Egypt has said it will conduct more tests this week in search of a hidden chamber in King Tutankhamun’s tomb that a British archaeologist believes may be the burial place of Queen Nefertiti.
Archaeologists have never discovered the mummy of the legendary beauty, but renowned British archaeologist Nicholas Reeves said in a recent study that her tomb could be in a secret chamber adjoining Tutankhamun’s tomb in the Valley of Kings in Luxor in southern Egypt.
Reeves, who was in Luxor in September to probe his theory, believes one door of Tutankhamun’s tomb could conceal the burial place of Nefertiti.
“The search will involve using radar and infra-red technologies,” Damati said, adding that they would cause “no damage” to the tomb. The findings will be announced at a press conference in Luxor on November 28, he said.
Experts carried out a preliminary scan of the tomb earlier this month using infra-red thermography to map out the temperature of its walls.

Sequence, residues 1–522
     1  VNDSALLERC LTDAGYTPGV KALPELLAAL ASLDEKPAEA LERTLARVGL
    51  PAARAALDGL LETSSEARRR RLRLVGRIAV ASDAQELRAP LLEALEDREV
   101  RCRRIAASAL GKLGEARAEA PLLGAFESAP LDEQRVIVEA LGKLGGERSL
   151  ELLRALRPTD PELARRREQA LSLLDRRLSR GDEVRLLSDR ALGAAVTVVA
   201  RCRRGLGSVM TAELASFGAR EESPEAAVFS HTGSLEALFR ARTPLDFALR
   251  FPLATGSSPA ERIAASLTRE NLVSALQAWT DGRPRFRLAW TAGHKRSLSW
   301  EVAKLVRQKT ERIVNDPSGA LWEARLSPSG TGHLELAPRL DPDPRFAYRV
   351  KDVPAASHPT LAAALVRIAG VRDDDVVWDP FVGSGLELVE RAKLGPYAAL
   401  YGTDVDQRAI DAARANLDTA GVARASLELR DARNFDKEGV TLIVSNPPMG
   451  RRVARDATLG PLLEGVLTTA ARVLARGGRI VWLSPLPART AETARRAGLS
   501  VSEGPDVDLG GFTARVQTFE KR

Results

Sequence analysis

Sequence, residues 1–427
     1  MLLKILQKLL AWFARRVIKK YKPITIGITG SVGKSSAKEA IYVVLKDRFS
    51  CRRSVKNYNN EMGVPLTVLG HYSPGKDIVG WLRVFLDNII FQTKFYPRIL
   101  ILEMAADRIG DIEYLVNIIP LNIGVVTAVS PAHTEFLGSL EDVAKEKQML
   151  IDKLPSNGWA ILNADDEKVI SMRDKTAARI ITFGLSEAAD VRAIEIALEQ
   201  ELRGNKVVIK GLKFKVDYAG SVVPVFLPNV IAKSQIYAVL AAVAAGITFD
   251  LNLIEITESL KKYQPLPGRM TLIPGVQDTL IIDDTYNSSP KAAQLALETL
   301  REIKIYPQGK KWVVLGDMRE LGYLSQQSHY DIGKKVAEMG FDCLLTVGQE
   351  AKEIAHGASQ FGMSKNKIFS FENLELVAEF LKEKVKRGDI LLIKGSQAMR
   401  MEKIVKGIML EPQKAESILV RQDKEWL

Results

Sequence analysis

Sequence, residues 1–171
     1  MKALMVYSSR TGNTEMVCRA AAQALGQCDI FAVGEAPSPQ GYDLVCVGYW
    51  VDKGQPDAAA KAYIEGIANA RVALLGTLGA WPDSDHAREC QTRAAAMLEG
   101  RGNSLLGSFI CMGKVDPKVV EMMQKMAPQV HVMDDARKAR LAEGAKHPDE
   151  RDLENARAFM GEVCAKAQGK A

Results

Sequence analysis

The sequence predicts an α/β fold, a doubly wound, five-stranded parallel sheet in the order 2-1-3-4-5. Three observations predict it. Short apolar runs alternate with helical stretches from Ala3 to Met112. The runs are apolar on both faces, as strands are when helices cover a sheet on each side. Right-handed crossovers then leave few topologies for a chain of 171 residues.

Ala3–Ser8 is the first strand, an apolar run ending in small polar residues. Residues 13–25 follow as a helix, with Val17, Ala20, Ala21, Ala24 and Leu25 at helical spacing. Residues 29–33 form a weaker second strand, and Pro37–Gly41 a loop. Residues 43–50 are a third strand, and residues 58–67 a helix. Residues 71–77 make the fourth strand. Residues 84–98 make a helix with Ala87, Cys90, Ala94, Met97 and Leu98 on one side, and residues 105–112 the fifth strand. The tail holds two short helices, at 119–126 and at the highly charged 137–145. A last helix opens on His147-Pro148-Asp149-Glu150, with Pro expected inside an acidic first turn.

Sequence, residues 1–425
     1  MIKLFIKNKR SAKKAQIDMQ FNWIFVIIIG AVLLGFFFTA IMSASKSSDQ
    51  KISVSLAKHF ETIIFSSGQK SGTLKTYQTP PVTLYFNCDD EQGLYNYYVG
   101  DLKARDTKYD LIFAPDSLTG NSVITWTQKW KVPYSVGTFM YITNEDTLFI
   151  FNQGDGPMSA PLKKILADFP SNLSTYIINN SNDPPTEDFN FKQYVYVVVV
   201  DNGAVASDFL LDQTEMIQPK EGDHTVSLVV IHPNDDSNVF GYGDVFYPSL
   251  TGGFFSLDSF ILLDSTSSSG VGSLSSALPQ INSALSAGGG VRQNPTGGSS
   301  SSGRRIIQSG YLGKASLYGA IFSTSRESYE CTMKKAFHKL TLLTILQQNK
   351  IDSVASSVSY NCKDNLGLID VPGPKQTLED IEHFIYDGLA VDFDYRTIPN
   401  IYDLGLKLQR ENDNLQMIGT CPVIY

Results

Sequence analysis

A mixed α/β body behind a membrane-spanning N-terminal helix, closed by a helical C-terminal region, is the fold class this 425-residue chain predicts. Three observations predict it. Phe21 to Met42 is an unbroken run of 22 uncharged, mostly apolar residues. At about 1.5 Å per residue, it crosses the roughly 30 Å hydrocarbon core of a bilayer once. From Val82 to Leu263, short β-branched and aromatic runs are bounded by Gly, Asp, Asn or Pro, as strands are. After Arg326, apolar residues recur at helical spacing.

Damati said at that time that the analysis showed “differences in the temperatures registered on different parts of the northern wall” of the tomb.
The minister and Reeves differ on whose mummy they expect to find.
According to Reeves, professor of archaeology at the University of Arizona, Tutankhamun, who died unexpectedly, was buried hurriedly in an underground chamber probably not intended for him.
His death would have forced priests to reopen Nefertiti’s tomb 10 years after her death because the young pharaoh’s own mausoleum had not yet been built.
But Damati believes that such a chamber, if found adjoining Tutankhamun’s tomb, may contain Kiya, a wife of the pharaoh Akhenaten.
Damati hopes scanning the walls of Tutankhamun’s tomb will reveal “the discovery of the century”.
Nefertiti played a major political and religious role in the 14th century BC. She actively supported her husband Akhenaten — Tutankhamun’s father — who temporarily converted ancient Egypt to monotheism by imposing the cult of sun god Aton.
Tutankhamun died aged 19 in 1324 BC after just nine years on the throne. His final resting place was discovered by another British Egyptologist, Howard Carter, in 1922.
This article was originally published in the Egypt Independent